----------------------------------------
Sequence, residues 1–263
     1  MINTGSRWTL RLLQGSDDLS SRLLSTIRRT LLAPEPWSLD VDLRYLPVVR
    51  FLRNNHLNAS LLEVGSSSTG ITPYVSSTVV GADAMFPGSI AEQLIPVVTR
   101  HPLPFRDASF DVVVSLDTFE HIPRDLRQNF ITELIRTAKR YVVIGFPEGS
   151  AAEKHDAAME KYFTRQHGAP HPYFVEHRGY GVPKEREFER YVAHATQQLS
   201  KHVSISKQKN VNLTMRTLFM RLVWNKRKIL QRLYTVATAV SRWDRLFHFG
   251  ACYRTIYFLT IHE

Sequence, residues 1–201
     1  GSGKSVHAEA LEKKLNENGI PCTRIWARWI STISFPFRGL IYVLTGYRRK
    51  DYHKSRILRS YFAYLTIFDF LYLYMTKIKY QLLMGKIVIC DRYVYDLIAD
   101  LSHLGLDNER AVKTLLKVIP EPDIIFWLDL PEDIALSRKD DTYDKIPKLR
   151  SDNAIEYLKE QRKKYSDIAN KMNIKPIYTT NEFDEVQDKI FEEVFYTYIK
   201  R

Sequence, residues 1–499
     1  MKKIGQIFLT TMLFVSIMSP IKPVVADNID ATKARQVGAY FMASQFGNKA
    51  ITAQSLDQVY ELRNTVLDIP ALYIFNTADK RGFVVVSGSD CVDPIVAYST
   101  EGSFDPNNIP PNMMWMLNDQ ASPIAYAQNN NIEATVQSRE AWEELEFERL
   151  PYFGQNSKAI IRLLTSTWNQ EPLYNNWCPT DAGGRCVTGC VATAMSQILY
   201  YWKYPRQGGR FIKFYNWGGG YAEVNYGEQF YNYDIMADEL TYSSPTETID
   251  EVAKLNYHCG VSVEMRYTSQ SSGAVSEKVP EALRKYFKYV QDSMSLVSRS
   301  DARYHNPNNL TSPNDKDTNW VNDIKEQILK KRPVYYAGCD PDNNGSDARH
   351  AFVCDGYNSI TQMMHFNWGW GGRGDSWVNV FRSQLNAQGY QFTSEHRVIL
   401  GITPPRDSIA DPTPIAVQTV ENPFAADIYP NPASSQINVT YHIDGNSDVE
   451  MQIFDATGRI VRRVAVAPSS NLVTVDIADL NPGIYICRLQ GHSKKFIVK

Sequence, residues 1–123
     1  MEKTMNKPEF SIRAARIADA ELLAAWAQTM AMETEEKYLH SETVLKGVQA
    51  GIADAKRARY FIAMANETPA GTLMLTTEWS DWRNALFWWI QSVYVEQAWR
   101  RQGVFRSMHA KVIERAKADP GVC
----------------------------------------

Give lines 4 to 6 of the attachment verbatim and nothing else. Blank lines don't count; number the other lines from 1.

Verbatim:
   101  HPLPFRDASF DVVVSLDTFE HIPRDLRQNF ITELIRTAKR YVVIGFPEGS
   151  AAEKHDAAME KYFTRQHGAP HPYFVEHRGY GVPKEREFER YVAHATQQLS
   201  KHVSISKQKN VNLTMRTLFM RLVWNKRKIL QRLYTVATAV SRWDRLFHFG